- In all formats that conform to the standard, dates and times are written in the order from the highest to the smallest unit ("falling spelling"). The order of the digits corresponds to the “natural” valence in place value systems in mathematics, since the larger units come before the smaller ones (year before month, etc.). This has the advantage that the lexicographical and the chronological sorting of lists of date and time values lead to the same result. (This only does not apply if negative years or a mixture of the date formats defined by the standard are used in the list.)
- In each format, date or time values are divided into different units (such as year, month, day or hour, minute, second). Each unit must be represented with a fixed number of digits, which can be reached with leading zeros if necessary.
- For each format there is a short version with a minimum number of separators and an extended version that contains additional separators for better human readability. The standard recommends using only the extended versions in texts. The short line ("hyphen-minus", U + 002D) is used between date units and the colon is used as a separator between time units . For example, June 3, 2014 is written in short form as 20140603 and in expanded form as 2014-06-03.
- If values with less precision are to be specified, the values of individual time units can be omitted, but only starting with the smallest units (ie "from the end"). For example, 2004-06 is a valid date and indicates June (6th month) of the year 2004. Under no circumstances does this indicate the 6th day of any month in 2004, nor does it indicate a period from 2004 to 2006 .
- If required by an application, the value of the smallest displayed time unit can also be specified more precisely using a decimal fraction. A point or a comma can be used as a separator for the decimal places .
Variables used here, always with leading zeros if necessary:
|w||ww||01… 53||Week of the year|
|T||T||1… 7||Day of the week, Monday through Sunday|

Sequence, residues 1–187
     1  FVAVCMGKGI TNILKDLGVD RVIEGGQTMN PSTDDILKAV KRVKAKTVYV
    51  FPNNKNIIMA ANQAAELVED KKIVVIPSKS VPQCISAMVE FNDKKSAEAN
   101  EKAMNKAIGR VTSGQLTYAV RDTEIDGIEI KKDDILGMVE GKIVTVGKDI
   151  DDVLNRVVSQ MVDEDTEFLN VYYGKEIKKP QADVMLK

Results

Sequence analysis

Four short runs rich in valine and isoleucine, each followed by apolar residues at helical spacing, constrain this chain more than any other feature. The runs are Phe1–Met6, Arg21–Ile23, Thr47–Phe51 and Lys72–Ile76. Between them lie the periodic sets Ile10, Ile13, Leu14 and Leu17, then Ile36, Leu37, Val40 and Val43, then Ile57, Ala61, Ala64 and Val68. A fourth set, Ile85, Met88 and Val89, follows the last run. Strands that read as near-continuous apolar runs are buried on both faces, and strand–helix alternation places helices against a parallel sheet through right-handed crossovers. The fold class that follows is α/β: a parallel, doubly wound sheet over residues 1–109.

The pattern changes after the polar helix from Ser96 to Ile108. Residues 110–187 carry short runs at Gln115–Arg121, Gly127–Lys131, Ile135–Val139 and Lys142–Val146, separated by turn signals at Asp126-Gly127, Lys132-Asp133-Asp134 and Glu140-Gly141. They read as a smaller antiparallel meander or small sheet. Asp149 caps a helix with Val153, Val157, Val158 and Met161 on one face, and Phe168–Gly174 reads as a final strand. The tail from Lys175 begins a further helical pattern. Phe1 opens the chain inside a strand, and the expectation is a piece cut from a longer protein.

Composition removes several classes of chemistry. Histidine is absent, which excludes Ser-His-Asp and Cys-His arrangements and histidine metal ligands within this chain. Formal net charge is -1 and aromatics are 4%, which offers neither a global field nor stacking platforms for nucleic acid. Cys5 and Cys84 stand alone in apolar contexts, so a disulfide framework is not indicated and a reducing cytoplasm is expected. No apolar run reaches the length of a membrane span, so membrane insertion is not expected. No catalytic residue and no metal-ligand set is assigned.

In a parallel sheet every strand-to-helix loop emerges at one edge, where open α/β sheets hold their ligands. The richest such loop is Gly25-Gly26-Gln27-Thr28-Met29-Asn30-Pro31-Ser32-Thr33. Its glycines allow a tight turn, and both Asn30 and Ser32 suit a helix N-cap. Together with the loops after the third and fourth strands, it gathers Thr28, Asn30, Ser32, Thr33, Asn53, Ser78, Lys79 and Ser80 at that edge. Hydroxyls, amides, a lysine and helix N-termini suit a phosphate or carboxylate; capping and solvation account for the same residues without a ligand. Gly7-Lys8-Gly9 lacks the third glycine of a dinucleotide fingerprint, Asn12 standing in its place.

|TT||01… 31||Day of month|
|TTT||001 ... 366||Day of the year|
|H||hh||00… 24||Hour, 24 only in 24:00 as the end time|
|s||ss||00 ... 60||Second, 60 only as a leap second|
|f||f||(0… 9) +||decimal fractions, usually seconds of any precision|
Separator for fixed dates
|P||Separator of date and specification of a period (from English period )|
|T||Date and time separator ( time )|
|W.||(To identify a week week )|
|-||binding sign for dates before the epoch|
|+||selectable sign for dates after the epoch|
|-||Date element separator (often selectable, but recommended)|
|:||Separator of time elements (often selectable, but recommended)|
|, or .||Separator of integer and decimal fraction|
Separator when specifying periods of time
|Y||Year ( year )|
|M.||Month ( month )|
|W.||Week ( week )|
|D.||Day ( day )|
|H||Hour ( hour )|
|m||Minute ( minute )|
|s||Sec ( second )|
|f||decimal fractions of a second ( fraction )|
|/||Separator of start and end date (to)|
|Date examples with positive information||Examples of dates with negative information|
The month-day format was codified in ISO 2014 prior to ISO 8601: 1988 , the week-day format including week counting in ISO 2015 and the day format in ISO 2711 .
Time of day
|hh: mm: ss||16:43:16|
|hh: mm: ss, f||16: 43: 16.2345|
According to the recommendation, the difference to Coordinated Universal Time (UTC) is indicated after a coherent date and time . The format is “± hh: mm”, “± hhmm” or “± hh” and thus takes into account both the time zone and daylight saving time. “Z” for UTC (+00: 00) can also be entered as a special value. In order to determine the time in UTC from a local time specification, the value must be subtracted after a "+", which must be added after a "-".